Evaluation of vibration response of ceramic candle filters using an accelerometer and a laser vibrometer
Ceramic candle filters are key components for a successful coal-based power-generation system. The ceramic candle filter is a hollow cylindrical structure made of a porous material. One end is closed with a cap and the other end is open. Ceramic candles are one of the few clean-up technologies that can protect the heat exchanger and consistently meet the gas turbine manufacturer’s inlet particulate requirement to prevent erosion.
A total of three ceramic candle filters were tested nondestructively to investigate the boundary conditions of the filters using a laser vibrometer and an accelerometer. The study includes evaluation of vibration data from a laser-based sensor as compared to the traditional contact sensor; assessment of vibration data quality excited by laser pulses as compared to the traditional hammer excitation, and, examination of the symmetry of the filter structures. These filters include one used and one unused Shumacher-Dia-Schumalith, and one new Refractron 442T. All filters were subjected to an external force and the response was picked up by an accelerometer or a laser vibrometer. Beam vibration equations and the finite element method are used to predict the dynamic behavior for various boundary conditions of each filter. Finite element models were built using eight nodes and three-dimensional isotropic solid elements. The boundary elements using elastic-translational springs were imposed in order to simulate a fixed-free boundary condition on the filters.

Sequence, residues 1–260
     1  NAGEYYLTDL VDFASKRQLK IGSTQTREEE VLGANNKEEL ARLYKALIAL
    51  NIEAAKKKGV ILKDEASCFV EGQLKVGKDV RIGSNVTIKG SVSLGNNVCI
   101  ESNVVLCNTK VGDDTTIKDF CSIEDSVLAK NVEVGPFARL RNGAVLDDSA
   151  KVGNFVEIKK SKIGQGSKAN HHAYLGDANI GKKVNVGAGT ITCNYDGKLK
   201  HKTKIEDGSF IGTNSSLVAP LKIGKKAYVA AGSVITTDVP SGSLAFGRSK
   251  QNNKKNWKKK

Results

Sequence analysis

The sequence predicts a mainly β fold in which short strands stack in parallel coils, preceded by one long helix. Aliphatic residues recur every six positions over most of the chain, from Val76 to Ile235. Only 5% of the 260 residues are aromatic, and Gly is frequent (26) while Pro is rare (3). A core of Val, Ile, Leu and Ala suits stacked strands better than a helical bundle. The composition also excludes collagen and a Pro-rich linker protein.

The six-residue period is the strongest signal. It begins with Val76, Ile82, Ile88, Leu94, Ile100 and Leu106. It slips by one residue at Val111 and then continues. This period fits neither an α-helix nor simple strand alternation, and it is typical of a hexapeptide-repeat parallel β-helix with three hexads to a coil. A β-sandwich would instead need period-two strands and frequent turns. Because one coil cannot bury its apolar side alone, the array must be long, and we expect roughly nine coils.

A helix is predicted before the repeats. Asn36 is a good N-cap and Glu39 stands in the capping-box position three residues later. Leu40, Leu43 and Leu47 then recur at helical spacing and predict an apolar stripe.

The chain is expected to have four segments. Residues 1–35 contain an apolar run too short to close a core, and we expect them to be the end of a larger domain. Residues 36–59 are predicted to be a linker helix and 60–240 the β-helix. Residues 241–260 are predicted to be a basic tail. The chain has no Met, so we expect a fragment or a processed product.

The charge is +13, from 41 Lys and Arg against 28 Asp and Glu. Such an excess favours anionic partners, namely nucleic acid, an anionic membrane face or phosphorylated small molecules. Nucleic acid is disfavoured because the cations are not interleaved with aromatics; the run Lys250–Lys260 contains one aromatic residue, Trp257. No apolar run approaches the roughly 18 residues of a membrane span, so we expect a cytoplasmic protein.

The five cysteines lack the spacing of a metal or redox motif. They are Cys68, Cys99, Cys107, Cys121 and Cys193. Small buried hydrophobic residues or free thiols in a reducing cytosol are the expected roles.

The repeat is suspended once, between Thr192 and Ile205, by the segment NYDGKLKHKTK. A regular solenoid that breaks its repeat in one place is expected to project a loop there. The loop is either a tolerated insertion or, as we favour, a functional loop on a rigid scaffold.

Results from this study show that the contact and laser-based non-contact measurements are fundamentally similar. The modal frequencies of filters with a fixed-end mounting setup fall between fixed-free and hinge-free boundary condition assumptions. From both contact and non-contact tests, the Young’s modulus and boundary condition of a candle filter can be predicted using the second and the third bending modes. The modal frequency values of the candle filters increase with the increase of their boundary restraints. The vibration frequency of a candle filter also increase with the increase of its Young’s modulus. Both phenomena were confirmed by numerical and theoretical analyses as well as by experimental observation. The differences of dynamic responses from two perpendicular axes are small. However, an engineer may need to inspect on the same axis of a candle filter in order to accurately assess the structural properties of the filter.